Parent, Educator, Author
If you read the review or information about the book Cinderella Ate my Daughter, you may be wondering, are princesses really that bad? Are they evil? Is it wrong to let my child play with anything princess related? People also struggle with this issue when it comes to Barbie dolls.I think these are questions that many people struggle with who are attempting to critically evaluate the messages that media sends.
I’ve read and talked to a lot of people with a lot of different ideas about this issue, some of them fairly militant. So, let me say right now that you may not agree with me on this, and that other experts on children’s media may not agree with me.
The first thing I would say about both Disney Princess and Barbie play is that they do tend to be limiting to a child’s imagination. With their scripted story lines along with the pervasive nature of the toys that are sold, little girls who play with these toys may feel that there is definitely a right and a wrong way to play. Dr. Susan Linn, who speaks and writes a lot about this, talks in her chapter A Royal Juggernaut in the book The Sexualization of Childhood about how her experience as a play therapist has changed due to the extreme commercial marketing of Princesses. She provides many examples of how the little girls with whom she works often seem locked into Disney Princess scripts when they play anything that has to do with royalty. Try to give a Princess a name other than Ariel, Cinderella, Aurora and so forth and you’re in for a fight! Try to deviate from the scripts provided by the movies or TV shows, and they dig in their heels. This kind of scripted play isn’t healthy because it doesn’t allow children to actively use their imagination and to imagine and play outcomes and stories that are different from those they’ve seen before.
The other component of Disney Princess culture that Dr. Linn finds disturbing is the lack of exploration of self within this type of scripted play. Her experience and research has demonstrated that little girls who are locked into the Princess script find it difficult to deviate from the formula as it depicts females. Their stories seem to get stuck in what Disney has offered, rather than being able to make up their own stories, provide new solutions and conquer new difficulties. When constantly following a known script, this same kind of self-exploration doesn’t happen.
And, of course, it’s easy to see that females are quite often depicted as in need of rescuing, with goodness being equated with thinness and beauty, and as scantily clad. There have been some deviations from this idea with some of the princess stories, but the overwhelming story seems to remain the same. So is all lost when it comes to the Disney Princesses? If you loved these stories as a child, must you abandon them now in order to save your daughter from corruption?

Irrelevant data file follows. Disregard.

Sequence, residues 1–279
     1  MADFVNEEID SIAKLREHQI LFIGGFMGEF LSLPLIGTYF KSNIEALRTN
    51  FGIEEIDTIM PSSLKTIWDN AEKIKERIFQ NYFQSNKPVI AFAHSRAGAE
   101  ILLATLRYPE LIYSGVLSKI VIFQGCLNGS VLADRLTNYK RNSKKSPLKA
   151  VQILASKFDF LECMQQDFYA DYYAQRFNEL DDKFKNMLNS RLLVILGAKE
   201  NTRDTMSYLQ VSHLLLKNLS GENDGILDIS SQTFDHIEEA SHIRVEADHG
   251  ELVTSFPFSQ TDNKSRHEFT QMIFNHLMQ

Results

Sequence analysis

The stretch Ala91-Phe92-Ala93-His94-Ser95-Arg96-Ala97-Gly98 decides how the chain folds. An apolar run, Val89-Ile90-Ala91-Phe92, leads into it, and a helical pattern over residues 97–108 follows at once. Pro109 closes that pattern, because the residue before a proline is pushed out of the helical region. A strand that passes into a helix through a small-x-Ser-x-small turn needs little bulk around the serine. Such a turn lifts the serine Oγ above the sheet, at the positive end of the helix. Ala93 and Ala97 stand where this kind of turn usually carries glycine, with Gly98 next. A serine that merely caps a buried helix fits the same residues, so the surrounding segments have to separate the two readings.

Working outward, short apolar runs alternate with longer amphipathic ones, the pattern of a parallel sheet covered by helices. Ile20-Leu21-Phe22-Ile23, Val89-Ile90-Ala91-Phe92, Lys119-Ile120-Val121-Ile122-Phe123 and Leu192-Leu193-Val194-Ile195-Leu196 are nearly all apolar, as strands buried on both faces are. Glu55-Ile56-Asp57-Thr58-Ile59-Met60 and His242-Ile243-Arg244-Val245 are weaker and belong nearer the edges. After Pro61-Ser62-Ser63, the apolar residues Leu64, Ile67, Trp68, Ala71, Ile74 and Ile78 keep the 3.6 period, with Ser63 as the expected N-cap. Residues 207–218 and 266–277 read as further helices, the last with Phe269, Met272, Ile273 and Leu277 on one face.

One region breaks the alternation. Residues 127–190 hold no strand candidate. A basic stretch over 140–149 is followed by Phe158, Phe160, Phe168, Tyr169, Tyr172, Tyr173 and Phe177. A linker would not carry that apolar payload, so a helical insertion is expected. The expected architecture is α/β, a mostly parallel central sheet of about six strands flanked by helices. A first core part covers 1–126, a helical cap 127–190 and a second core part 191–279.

In my opinion, the princesses and Barbie might be able to play a part in a healthy childhood experience given a few caveats. First of all, if your child is going to be playing with these toys, encourage them to go off script. When you play with them, push them to make a character do something that she would never do in the original story, introduce new characters and plot twists, or even change character names.
Take every opportunity to openly evaluate the stories that you see or hear around these characters and offer alternative actions. Was that really the best thing to do? I think I might have done this…what about you? Talk directly about issues that bother you, such as how thin the characters are or the fact that they fall in love at the drop of a hat. One of the funniest moments I’ve had as a mother was critiquing the movie Snow White with my oldest daughter when she was 7 or 8 years old. We talked about how Snow White fell in love with a man she met once and then rode off with him at the end. Was that realistic? She didn’t even know anything about him except that she liked his singing voice! What if people did that in real life? My daughter summed up her thoughts on the movie by saying, “You know, Snow White wasn’t very smart, was she? She takes food from a stranger then rides off with someone she doesn’t even know!”
The last thing you want to do is provide your child with lots of different stories and different play opportunities. My daughter loved princesses when she was about 4 but she also loved ancient Egypt and dinosaurs, and she played with all of those toys and themes, sometimes all at once! Providing your child with a lot of different alternatives for story lines and creative play allows them to use their imaginations and explore both themselves and the world around them. Letting them become drenched in Princess Culture doesn’t provide them with those same kinds of opportunities.
Having three daughters, one now in middle school, I take the long view. I think, in moderation and with thoughtfulness, princesses and Barbie can likely play a part in their childhood, just as they did in mine. This does take some planning on the part of parents, though. With the heavy marketing and commercialization of both of these brands, it’s easy for little girls to become consumed and overwhelmed by them. In my opinion, moderation, as in all things, is the key.
Olfman, S. (Ed) The Sexualization of Childhood (2009). Praeger: Westport, CT.
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